Red Mountain Wilderness (Utah)

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Not to be confused with Red Mountain Wilderness (Nevada), which is a separate entity

Red Mountain Wilderness
IUCN category Ib (wilderness area)
A photo of red rocks and shrubs in the Red Mountain Wilderness
Red Mountain Wilderness
A map of the United State showing the location of the Red Mountain Wilderness
A map of the United State showing the location of the Red Mountain Wilderness
Location Washington County, Utah, USA
Nearest city Ivins, UT
Coordinates 37°14′34″N 113°42′09″W / 37.242744533°N 113.702499954°W / 37.242744533; -113.702499954Coordinates: 37°14′34″N 113°42′09″W / 37.242744533°N 113.702499954°W / 37.242744533; -113.702499954[1]
Area 18,729 acres (75.8 km2)
Established March 30, 2009
Governing body Bureau of Land Management

The Red Mountain Wilderness (Utah) is a 18,729-acre (75.8 km2) wilderness area in the US state of Utah. It was designated March 30, 2009, as part of the Omnibus Public Land Management Act of 2009. Located six miles northeast of St. George, it is bordered by Snow Canyon State Park to the east and the Shivwitz Indian Reservation to the southwest. Approximately one-half of the wilderness is located within the recently designated Red Cliffs National Conservation Area.[2] Prehistoric use by the Southern Paiute Indians has been documented at seven sites in the area, and the BLM estimates archeological site densities between 4 and 40 per square mile.[3]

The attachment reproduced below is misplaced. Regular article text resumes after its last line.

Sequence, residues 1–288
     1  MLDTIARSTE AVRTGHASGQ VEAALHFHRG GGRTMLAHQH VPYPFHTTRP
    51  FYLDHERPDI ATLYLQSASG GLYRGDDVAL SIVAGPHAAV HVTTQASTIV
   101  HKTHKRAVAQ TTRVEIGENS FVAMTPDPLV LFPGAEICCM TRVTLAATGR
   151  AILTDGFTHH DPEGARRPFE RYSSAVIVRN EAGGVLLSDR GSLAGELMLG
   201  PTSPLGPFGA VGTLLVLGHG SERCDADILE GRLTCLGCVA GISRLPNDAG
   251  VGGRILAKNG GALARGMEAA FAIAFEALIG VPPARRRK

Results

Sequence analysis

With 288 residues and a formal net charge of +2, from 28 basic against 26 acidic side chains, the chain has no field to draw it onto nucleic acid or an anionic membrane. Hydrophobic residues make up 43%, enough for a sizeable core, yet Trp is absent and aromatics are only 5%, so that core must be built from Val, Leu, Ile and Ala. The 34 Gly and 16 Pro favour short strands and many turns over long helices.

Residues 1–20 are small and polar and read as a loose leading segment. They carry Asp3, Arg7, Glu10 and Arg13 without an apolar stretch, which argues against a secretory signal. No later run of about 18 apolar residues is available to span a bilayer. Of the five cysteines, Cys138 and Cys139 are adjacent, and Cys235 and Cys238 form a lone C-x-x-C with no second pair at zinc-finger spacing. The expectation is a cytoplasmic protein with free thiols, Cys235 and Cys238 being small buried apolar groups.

The namesake of the wilderness is Red Mountain, a great block of Navajo sandstone bounded by the Gunlock Fault on the west, and by the Santa Clara River valley and Snow Canyon on the south and east.


The mixing of species from the Mojave and Great Basin deserts makes for unusually diverse vegetation in the Red Mountains Wilderness, which includes pinyon pine, juniper, sagebrush, ponderosa pine, yucca, agave, and Gambel oak.[3]


Common wildlife in the wilderness include mule deer, mountain lion, peregrine falcon, and bald eagle.[3]

See also[edit]


  1. ^ "Red Mountain Wilderness (Utah) Map". Retrieved 2011-08-19. 
  2. ^ "Red Cliffs NCA" (PDF). Bureau of Land Management. 
  3. ^ a b c "The Red Mountain Wilderness". Southern Utah Wilderness Alliance. 

External links[edit]